Cooking accounts for 5-6% of average electricity use.
Electric cooking can also be a major contributor to evening peak electricity demand. As electricity suppliers introduce time-of-use pricing or peak demand charges, it will be important to manage cooking demand. Gas prices are also increasing.
The way you heat up (or defrost) food can also affect energy use, as does the way you manage cooking post the ‘heating up’ phase.
The appliances themselves (such as ovens, grillers etc) all have their own efficiencies and optimal usage patterns.
What to look for when buying
- Fan-forced, double- or triple-glazed and well-insulated ovens are most efficient
- Induction cooktops are about 25–30% more energy-efficient than standard electric, and 30% more efficient than gas
- Electric ovens are roughly twice as energy-efficient as gas ovens
Consider portable induction cooktops if you’re a tenant or can’t afford a permanent one. See section on Induction Cooktops below.
- Defrost food prior by using a microwave or placing it in the fridge’s fresh food compartment
- Reheat food with a microwave
- Check/replace damaged oven door seals
- Don’t pre-heat unnecessarily
- Keep lids on pots and simmer gently, rather than boiling rapidly. Minimise the amount of water “boiled off” as evaporating water is very energy intensive. A lid traps heat, making the most of the energy flow and cutting down on the time needed to cook
- Cook meals in bulk and then freeze
- Microwaves, electric frypans or pressure cookers are much more energy efficient than using the oven
- Consider investing in a thermal cooker, used in conjunction with your cooktop but allowing you to save up to 80% on cooking energy usage
- If possible, plan to cook several dishes in your oven at once
- Keep the oven door closed as much as possible. Every time the oven door is opened, the oven temperature drops by 14-20ºC
- Clean range hood filters regularly
- In extreme weather the overuse of a range hood can significantly increase heating/cooling energy use as it sucks outdoor air into the apartment to replace the air it removes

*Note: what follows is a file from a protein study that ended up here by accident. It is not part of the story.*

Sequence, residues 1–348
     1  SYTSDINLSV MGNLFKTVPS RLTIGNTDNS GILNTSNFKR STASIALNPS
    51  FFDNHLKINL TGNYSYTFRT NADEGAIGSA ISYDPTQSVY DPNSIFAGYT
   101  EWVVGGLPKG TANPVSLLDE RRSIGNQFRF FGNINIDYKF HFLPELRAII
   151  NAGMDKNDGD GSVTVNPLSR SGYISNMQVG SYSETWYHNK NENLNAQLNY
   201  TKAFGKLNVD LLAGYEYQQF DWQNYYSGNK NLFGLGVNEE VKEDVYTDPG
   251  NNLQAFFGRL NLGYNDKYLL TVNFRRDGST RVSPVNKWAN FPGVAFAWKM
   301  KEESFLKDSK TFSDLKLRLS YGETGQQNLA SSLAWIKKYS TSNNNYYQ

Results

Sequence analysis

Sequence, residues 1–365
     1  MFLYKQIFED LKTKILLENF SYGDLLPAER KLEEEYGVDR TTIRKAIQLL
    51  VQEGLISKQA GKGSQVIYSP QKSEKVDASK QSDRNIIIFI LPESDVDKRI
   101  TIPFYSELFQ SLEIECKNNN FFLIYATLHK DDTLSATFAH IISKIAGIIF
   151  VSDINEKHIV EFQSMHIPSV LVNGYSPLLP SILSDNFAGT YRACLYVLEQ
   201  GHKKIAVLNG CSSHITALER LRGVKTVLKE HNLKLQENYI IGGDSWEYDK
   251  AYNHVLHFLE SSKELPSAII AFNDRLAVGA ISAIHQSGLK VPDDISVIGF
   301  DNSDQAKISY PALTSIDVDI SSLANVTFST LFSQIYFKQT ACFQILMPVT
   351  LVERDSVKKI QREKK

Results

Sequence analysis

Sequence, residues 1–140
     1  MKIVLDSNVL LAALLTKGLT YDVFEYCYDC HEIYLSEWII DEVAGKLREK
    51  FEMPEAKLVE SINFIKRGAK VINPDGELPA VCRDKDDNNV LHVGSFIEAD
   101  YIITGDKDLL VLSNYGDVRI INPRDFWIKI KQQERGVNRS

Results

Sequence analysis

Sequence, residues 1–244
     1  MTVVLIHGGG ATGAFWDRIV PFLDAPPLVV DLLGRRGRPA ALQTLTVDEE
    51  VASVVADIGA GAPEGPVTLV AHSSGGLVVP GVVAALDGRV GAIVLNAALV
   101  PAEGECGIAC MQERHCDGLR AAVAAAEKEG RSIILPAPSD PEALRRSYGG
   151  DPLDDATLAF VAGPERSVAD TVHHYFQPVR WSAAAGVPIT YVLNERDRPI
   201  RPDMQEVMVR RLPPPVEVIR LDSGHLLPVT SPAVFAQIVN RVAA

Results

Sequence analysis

- Use an electric kettle instead of the electric stovetop to boil water
- Fill the kettle with only as much water as you need. Consider using a thermos, if you enjoy a lot of hot drinks, to save reheating the water
- Toasting in a toaster or sandwich maker instead of the grill reduces energy use by up to 75%
Over a year, a microwave will generally use more power to keep its clock running than it does in actually cooking food.
Many coffee machines have high standby consumption, as they often keep water hot in uninsulated tanks or heat components for long periods in case you want another coffee. Choice magazine found some that use up to 30W on standby and other research has estimated up to 340 kWh/year if left on all the time – more than an efficient fridge! (Source: ReNew magazine, Issue 130, Energy Efficient Cooking.)
Induction cooktops work by creating a magnetic field that induces an electric current in the pot, thus heating it. Heating the base of the pot directly in this way conserves energy compared to when heat is transferred via an element or flame to the pot and then the food.
Induction cooktops are over 80 per cent efficient (by comparison, conventional electric is around 60 per cent, and gas only 35 to 40 per cent).
Induction cooktops heat up fast, with changes in temperature occurring instantaneously.
They require ferromagnetic cookware (e.g. cast iron or some stainless steels). Take a magnet along when shopping. If it’s attracted, it will work with induction cookers. Test the whole base surface to ensure it is entirely compatible and don’t trust labels alone, as the ferromagnetic material could be limited in area and result in patchy heating.
Induction cooktops need a higher amperage electrical connection, depending on their size. This is something to double-check. We’ve heard of people who can’t get enough power to their apartment.
(Source: Sanctuary Magazine, Issue 30, Induction cooktops – now we’re cooking!)
Portable induction cooktops
They’re relatively inexpensive, and easy to move around if you’re a tenant – and the perfect solution if you’re stuck with inefficient built--in cooktops. Here’s what one couple did in their apartment – a simple shelf over an old electric cooktop for two portable induction units.